This is the “bog them down in complexity” defence. Coffee shop drinks will vary from day to day, as milk content and barista practice vary. So they would be harder to police. The TPA and the sugar industry would love it if government got bogged down in trying to chase after coffee shops as well. So they try to argue that tackling the main culprits is somehow “unfair”. They’re just trying to dodge tax.

    “Liberal Democrats should … recommend education to tackle obesity.”

    Profit is maximised if we do nothing at all about obesity. “Education” is as close as one can get to doing nothing, so industry lobbyists call for “education”. Liberal Democrats should have no truck with lobbyists.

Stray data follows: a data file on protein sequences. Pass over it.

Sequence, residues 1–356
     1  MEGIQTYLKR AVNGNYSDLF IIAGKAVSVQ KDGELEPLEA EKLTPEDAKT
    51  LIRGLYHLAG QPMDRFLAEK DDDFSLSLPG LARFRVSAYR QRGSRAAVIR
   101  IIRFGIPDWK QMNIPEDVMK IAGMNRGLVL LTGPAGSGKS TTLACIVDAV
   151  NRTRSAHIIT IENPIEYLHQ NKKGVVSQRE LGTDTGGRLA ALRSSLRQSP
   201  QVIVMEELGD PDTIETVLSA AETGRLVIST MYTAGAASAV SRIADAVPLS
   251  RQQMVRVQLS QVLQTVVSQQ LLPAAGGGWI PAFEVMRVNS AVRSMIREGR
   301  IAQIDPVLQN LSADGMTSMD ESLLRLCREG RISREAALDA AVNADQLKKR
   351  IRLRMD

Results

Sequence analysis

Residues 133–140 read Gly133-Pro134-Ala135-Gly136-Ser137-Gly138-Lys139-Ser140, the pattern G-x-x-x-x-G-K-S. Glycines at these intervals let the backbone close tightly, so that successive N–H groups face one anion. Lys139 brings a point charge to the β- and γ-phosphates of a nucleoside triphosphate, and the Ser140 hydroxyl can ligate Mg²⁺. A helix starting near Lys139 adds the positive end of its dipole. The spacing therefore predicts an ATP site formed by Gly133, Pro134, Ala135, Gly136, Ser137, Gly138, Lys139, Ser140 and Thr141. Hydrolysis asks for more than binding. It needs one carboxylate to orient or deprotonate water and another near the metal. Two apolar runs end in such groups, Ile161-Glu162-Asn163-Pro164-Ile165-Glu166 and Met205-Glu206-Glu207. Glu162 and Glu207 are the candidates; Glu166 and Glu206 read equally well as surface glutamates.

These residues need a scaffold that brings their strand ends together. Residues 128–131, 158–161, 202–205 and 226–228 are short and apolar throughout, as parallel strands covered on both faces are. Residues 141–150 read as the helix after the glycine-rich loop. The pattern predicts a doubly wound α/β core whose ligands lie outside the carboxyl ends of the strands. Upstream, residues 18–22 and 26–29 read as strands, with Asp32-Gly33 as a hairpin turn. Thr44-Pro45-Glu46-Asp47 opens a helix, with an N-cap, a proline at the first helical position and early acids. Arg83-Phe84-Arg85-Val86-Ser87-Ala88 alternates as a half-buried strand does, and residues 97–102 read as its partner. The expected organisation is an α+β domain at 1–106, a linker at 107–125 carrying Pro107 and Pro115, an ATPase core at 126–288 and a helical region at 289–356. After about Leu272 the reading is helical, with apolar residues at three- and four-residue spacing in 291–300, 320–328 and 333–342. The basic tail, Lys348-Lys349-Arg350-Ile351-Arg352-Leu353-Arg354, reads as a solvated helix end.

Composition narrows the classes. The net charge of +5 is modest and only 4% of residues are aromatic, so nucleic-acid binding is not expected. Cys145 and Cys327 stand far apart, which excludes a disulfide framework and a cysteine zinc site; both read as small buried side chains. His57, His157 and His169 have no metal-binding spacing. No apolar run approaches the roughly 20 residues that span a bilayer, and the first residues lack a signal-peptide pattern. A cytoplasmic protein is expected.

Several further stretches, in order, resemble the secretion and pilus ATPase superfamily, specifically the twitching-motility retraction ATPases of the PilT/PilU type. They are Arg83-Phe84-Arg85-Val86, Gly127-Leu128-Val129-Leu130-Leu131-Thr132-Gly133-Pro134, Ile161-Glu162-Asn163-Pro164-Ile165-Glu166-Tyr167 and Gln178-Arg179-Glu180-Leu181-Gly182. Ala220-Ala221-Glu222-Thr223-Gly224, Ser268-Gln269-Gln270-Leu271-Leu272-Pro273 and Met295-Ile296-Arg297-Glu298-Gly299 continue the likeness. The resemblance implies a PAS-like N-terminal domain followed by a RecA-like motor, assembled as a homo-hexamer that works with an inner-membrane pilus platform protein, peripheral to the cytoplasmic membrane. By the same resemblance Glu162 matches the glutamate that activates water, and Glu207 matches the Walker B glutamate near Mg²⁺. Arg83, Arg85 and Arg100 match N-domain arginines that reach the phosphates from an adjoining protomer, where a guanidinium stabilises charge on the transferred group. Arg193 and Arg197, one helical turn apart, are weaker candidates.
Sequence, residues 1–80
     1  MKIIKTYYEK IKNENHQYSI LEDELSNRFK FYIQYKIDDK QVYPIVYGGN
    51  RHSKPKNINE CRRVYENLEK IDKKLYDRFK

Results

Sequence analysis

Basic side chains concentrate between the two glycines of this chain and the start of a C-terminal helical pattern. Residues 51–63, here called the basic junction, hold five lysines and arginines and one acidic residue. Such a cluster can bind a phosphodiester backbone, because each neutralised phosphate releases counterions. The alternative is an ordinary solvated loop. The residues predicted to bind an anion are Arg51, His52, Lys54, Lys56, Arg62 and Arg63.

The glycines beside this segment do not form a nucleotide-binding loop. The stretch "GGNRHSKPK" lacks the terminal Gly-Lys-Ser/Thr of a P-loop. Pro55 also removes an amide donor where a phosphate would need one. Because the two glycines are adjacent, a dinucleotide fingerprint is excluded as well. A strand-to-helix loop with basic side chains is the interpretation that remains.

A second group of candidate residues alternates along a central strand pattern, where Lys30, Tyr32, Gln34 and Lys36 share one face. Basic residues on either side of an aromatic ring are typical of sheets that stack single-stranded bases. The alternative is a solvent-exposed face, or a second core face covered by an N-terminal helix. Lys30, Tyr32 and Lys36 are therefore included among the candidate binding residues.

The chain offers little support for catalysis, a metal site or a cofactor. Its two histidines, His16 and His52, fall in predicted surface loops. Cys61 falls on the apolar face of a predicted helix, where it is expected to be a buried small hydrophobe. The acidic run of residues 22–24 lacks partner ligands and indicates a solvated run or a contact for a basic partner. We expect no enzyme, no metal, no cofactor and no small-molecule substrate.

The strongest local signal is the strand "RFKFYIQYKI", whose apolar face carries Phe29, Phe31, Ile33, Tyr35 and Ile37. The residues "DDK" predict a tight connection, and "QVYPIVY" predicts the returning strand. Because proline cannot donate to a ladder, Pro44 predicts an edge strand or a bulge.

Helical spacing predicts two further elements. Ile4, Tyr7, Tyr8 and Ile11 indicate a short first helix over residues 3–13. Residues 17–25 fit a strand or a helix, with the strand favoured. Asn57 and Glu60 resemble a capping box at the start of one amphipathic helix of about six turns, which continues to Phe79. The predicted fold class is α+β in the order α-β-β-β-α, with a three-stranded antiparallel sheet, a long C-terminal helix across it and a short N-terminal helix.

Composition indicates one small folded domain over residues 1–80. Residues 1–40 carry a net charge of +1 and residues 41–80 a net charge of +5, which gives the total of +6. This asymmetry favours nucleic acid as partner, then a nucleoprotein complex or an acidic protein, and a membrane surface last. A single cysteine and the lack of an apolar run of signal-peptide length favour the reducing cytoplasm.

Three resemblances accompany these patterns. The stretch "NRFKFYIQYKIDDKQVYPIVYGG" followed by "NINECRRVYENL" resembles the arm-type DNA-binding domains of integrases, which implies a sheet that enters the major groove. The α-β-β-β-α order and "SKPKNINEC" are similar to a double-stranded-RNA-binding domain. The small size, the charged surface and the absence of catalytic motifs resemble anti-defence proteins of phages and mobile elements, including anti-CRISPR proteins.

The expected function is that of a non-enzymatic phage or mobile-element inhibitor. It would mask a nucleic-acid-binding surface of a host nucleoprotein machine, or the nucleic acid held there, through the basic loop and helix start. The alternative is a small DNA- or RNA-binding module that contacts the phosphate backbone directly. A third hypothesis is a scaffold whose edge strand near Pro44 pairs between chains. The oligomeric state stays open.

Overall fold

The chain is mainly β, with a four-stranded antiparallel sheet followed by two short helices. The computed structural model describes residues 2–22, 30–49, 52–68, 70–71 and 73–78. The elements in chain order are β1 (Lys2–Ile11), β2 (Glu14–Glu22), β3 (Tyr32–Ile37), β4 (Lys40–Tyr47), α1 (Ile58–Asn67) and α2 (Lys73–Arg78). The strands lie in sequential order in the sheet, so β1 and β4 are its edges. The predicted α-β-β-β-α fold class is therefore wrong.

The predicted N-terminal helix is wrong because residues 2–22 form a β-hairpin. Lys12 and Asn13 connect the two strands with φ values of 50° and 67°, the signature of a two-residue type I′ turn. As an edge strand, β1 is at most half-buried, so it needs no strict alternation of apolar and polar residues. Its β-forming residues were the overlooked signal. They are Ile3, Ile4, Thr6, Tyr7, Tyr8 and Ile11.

• Martin Land 7th Jun '16 - 8:11pm

    Reports from major sugar producers predict a worldwide shortage over the coming years so the laws of supply and demand may render this whole argument superfluous.

  • Mick Taylor 7th Jun '16 - 8:19pm

    People who consume heavily sugared drinks DO have an alternative. Stop consuming them! Turn to drinks that have less sugar and they won’t be taxed. Using taxes to persuade people to make better choices is wholly Liberal and in line with JS Mill’s harm principle.

  • Lorenzo Cherin 7th Jun '16 - 8:23pm

    Very sympathetic to all the above , but come down on the side of doing whatever brings in the dosh to fund the NHS, as David Raw mentions , and hits nobody very badly , which this does satisfy .And that is why it is not very effective .We need to go to the power and the source.